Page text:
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Yellowstone Lake

Yellowstone Lake is the largest lake in Yellowstone National Park and the largest North American freshwater lake above 7,000 feet. It covers 136 square miles and has 110 miles of shoreline. The lake is typically covered in three feet of ice from December through May. 

Yellowstone Lake offers a variety of outdoor activities. Two most popular are boating and fishing. Boating at the lake is always an incredible experience and a great way to see the park from a different perspective. And, you have a variety of boating options, including motorboats, rowboats, canoes, and kayaks. Fishing also offers a number of options. For example, fly fishing along the 100 miles of scenic shoreline is very popular. Another option is, of course, fishing by boat. 

A couple of things to keep in mind when you visit Yellowstone Lake. Remember that, like all of Yellowstone National Park, you are in bear country. The park averages one bear attack every year. Make sure you know what to do if you encounter a bear. Another piece of advice: Don't try swimming in the lake. The average water temperature is 41 degrees (Fahrenheit
). In water that cold, survival time is around 20 to 30 minutes.


At Yellowstone Lake, you have a number of boating options: kayaking and canoeing, float tubing, and motor boating. Note that there are limitations associated with boating on the lake. Float tubing can only be done while fishing, but you still have to have a boat permit for the float tube. Motorboats are only allowed in two locations in Yellowstone. Yellowstone Lake is one of them. (The other is Lewis Lake.)

You can bring your own boat, or rent one. Boat launches can be found at Bridge Bay Marina and Grant Village. Boats can be rented at Bridge Bay Marina.

Note that Yellowstone Lake is a very large lake, and high winds and thunder storms can pop up at a moment's notice. When boating, stay close enough to shore that you can get back quickly.


Fishing in Yellowstone Lake primarily consists of fishing for trout from a boat or from shore. Specifically, you can fish for cutthroat trout or lake trout.

Yellowstone Lake is made for cutthroat trout fishing. Most cutthroat trout range from 18 inches to 20 inches, although, you will sometimes find larger ones. Fly fishing along the lake's banks is an excellent way to experience cutthroat trout fishing. One exceptional location is aroung Gull Point Drive, a little south of Bridge Bay Marina. You'll have the best luck fishing at the beginning of the summer.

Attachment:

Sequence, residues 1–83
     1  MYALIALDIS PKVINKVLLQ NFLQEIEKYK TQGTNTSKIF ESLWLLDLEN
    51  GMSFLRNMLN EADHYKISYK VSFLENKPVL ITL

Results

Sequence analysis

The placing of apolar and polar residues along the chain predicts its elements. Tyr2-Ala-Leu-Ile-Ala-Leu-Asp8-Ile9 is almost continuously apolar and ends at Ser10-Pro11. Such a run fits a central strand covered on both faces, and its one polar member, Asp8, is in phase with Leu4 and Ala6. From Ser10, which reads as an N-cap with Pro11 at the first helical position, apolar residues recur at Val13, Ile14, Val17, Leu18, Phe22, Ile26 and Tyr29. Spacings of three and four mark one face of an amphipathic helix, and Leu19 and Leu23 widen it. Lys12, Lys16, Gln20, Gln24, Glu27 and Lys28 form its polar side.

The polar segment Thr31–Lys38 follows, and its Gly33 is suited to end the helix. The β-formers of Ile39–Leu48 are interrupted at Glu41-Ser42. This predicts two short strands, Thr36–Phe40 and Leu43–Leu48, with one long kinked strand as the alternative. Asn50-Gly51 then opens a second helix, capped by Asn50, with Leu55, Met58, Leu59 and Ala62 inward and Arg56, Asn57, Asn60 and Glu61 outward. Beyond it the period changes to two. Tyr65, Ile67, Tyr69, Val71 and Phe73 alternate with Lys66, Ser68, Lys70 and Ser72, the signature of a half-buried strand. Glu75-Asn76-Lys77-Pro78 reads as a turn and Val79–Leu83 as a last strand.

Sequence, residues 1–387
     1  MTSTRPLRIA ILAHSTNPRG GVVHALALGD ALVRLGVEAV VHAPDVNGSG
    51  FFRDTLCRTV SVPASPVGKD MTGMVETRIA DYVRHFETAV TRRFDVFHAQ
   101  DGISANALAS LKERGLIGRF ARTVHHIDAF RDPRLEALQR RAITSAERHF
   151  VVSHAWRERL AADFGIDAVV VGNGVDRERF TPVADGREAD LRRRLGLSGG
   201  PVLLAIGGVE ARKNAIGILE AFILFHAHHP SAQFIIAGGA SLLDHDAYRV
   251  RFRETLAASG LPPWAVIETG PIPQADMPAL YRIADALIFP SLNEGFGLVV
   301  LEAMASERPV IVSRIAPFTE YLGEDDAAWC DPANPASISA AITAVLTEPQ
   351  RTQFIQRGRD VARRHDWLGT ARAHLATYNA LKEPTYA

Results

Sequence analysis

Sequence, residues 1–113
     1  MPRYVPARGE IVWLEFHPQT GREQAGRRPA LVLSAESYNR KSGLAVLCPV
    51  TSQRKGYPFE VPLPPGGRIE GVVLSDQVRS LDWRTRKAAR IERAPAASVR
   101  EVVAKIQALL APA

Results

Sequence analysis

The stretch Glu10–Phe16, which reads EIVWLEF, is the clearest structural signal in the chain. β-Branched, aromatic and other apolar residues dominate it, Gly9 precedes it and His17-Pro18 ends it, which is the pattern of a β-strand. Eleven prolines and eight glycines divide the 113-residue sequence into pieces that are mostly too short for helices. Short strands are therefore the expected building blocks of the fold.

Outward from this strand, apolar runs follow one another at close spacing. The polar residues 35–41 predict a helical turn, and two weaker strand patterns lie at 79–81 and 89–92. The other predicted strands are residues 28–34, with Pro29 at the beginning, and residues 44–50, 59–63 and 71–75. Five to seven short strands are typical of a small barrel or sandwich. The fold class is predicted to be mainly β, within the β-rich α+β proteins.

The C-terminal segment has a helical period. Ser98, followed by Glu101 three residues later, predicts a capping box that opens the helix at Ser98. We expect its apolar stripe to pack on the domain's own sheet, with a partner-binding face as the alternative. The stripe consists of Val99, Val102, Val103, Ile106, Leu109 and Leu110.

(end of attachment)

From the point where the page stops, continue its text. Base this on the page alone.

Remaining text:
In the 1990s, lake trout were discovered in Yellowstone Lake. Their numbers soared, and their presence almost destroyed the Yellowstone Lake Cutthroat Trout population. Consequently, lake trout fishing is strongly encouraged. In fact, any and all lake trout caught in Yellowstone Lake are required, by law, to be killed. They cannot be released back into the lake. Lake trout spawning is common around Carrington Island, making that area a great place to fish for them. 


We visited during a windy day and the waves off the water gave the lake a scary look. The lake is massive and awesome. Take a drive around it.
Windy Day. LiketoeatCincinnati, Trip Advisor
Yellowstone Lake is beautiful from every stop and is the highest elevation lake with many thermal features. There are areas to park along the shore and picnic or swim. We decided that we had to take advantage of the marina and a guided fishing boat. We booked the trip through Xanterra and each purchased a fishing license at the Lake General Store the day before our trip. The cost of the trip was for the entire boat (a Grady White!) and the staff carefully followed Covid-19 protocols. A ranger took our temperature when we arrived and face masks were required for the 2-hour charter. Our guide was excellent. He told stories, showed us areas of the lake, and had the equipment ready and in excellent shape. He took us to the far side of the lake where we trolled for trout. We were thrilled to catch two cutthroat trout and take pictures with them before carefully returning them to the water. They are the most widespread native trout in the park and are important because they are a source of food for birds, bears, otters, and mink. Expect to catch and release if you are lucky enough to catch one!
Reserve a fishing boat and truly experience being on Yellowstone Lake. Melaney68, Trip Advisor
We saw wildlife in the area using the lake. We had no idea there were so many ducks out there but they love this lake. Drive slow & use the pull outs! It is worth the picture.
blue like you have never seen. Jenn, Trip Advisor
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